Here’s a chart from the Met Council’s latest regional growth forecast, which is full of charts and highly recommended for anyone curious about the housing and demographic trends in the Twin Cities’ region. This one caught my eye:
Here’s what the 7-page document has to say about the age and demographic growth patterns:
As the Twin Cities region’s age mix changes, its mix of households changes with it. Households headed by older adults will more than double in number by 2030 and will account for almost a third of all households by 2040 (Figure 7). The housing needs and preferences of older adults will become an important driver of the region’s housing market.
The region’s older adults are mostly long-time residents, and many currently live in single-family detached housing. In 2010, just under half (47%) of older adult householders lived alone. While some older adults will ‘age in place,’ a growing number will opt for townhomes, apartments, and age-specific housing communities. This housing choice trend is more pronounced as people age into their 70s and 80s. As older adults leave their single-family homes, younger families may be ready for them, reducing the demand for new construction of single-family homes.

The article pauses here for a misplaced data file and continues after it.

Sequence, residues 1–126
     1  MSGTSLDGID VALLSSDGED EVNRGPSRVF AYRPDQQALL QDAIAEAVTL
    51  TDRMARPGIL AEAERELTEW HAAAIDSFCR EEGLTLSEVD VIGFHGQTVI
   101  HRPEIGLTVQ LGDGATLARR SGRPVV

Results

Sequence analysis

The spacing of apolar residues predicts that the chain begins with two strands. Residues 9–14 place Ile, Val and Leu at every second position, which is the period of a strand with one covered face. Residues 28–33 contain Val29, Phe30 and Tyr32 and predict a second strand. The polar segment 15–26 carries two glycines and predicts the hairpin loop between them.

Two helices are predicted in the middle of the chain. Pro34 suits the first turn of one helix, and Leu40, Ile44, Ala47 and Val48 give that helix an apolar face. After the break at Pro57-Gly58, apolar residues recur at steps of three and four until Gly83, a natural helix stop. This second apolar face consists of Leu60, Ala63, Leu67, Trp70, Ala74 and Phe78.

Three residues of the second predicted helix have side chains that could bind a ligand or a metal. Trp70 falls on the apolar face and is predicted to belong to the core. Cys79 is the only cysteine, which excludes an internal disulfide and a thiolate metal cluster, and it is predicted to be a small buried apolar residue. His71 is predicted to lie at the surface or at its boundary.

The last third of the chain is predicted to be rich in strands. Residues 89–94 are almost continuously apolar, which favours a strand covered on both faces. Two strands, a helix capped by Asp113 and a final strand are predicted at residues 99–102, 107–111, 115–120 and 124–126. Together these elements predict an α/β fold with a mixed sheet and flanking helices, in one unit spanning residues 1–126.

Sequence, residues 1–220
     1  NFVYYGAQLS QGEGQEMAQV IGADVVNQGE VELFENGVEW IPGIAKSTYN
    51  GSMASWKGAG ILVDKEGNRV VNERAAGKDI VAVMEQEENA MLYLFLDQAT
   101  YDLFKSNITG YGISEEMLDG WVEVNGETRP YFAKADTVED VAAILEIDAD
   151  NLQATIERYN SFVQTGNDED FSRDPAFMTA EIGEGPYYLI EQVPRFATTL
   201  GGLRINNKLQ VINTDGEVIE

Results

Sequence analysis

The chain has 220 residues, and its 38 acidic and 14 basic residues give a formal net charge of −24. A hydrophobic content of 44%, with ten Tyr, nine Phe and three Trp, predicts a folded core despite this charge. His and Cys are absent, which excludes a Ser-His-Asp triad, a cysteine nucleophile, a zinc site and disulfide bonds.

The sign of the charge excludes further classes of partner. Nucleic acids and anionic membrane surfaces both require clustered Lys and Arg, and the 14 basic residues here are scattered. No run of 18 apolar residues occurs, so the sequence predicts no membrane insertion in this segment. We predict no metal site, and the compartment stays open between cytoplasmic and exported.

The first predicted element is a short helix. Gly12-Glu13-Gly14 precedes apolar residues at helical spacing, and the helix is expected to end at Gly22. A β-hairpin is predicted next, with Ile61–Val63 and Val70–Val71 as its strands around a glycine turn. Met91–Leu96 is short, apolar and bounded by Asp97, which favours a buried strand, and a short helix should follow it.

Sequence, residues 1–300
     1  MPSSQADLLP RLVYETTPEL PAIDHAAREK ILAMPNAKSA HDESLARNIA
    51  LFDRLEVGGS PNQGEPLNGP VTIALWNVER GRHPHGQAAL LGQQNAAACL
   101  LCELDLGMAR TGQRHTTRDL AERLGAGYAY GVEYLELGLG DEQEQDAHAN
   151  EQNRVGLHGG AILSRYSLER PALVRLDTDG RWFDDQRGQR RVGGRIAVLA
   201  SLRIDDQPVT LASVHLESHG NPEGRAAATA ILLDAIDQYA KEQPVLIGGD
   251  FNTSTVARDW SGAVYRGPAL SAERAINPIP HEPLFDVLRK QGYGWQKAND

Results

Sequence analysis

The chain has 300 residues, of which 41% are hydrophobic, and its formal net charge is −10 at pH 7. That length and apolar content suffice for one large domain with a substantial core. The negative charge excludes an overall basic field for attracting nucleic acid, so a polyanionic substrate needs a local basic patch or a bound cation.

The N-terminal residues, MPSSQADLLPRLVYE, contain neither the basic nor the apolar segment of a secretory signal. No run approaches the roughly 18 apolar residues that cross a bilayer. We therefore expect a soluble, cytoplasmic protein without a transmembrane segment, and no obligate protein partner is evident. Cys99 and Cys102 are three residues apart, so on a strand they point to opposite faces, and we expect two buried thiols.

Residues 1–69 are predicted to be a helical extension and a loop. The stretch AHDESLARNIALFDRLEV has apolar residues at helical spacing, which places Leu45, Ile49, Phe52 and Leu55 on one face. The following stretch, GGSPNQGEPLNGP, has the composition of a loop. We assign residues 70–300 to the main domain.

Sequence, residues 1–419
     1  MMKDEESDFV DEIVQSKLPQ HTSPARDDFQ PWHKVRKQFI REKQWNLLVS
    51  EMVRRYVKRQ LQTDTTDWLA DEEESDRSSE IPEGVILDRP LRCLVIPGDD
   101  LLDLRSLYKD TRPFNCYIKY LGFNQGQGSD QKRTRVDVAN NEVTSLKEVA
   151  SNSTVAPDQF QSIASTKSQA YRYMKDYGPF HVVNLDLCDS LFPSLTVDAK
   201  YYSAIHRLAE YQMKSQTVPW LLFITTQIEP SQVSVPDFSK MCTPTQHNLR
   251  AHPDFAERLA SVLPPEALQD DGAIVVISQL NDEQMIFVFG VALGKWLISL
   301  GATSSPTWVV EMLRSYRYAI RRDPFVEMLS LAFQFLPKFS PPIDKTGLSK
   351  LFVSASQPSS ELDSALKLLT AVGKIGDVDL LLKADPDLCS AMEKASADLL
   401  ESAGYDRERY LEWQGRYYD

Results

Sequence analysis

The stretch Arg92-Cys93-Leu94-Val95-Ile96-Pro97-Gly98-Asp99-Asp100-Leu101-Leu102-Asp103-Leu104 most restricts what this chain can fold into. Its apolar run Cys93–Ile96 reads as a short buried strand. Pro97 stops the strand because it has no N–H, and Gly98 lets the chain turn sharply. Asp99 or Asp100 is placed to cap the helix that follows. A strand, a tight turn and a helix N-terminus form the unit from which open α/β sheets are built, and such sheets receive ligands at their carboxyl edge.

Over the next 30 years the household growth rate headed by someone under age 65 is only 13%. Much of the new household formation in the region will amount to a one-for-one replacement of Baby Boomer households who are steadily aging out of the family-age or working-age groups. Thus, over the next three decades, this market segment adds only 121,000 households.
When the discussion of density arises (e.g. single-family homes versus other types of housing), I often think about the shift in household-size patterns. Compared to generations past, we have more single and older adult (i.e. one person) households. Even though the average size of a home has grown tremendously over the decades, household size has shrunk. This is going to continue in the future, and I feel that we should plan our cities accordingly.
Check out the whole report, which has a lot to say about race, age, migration and other demographic trends.
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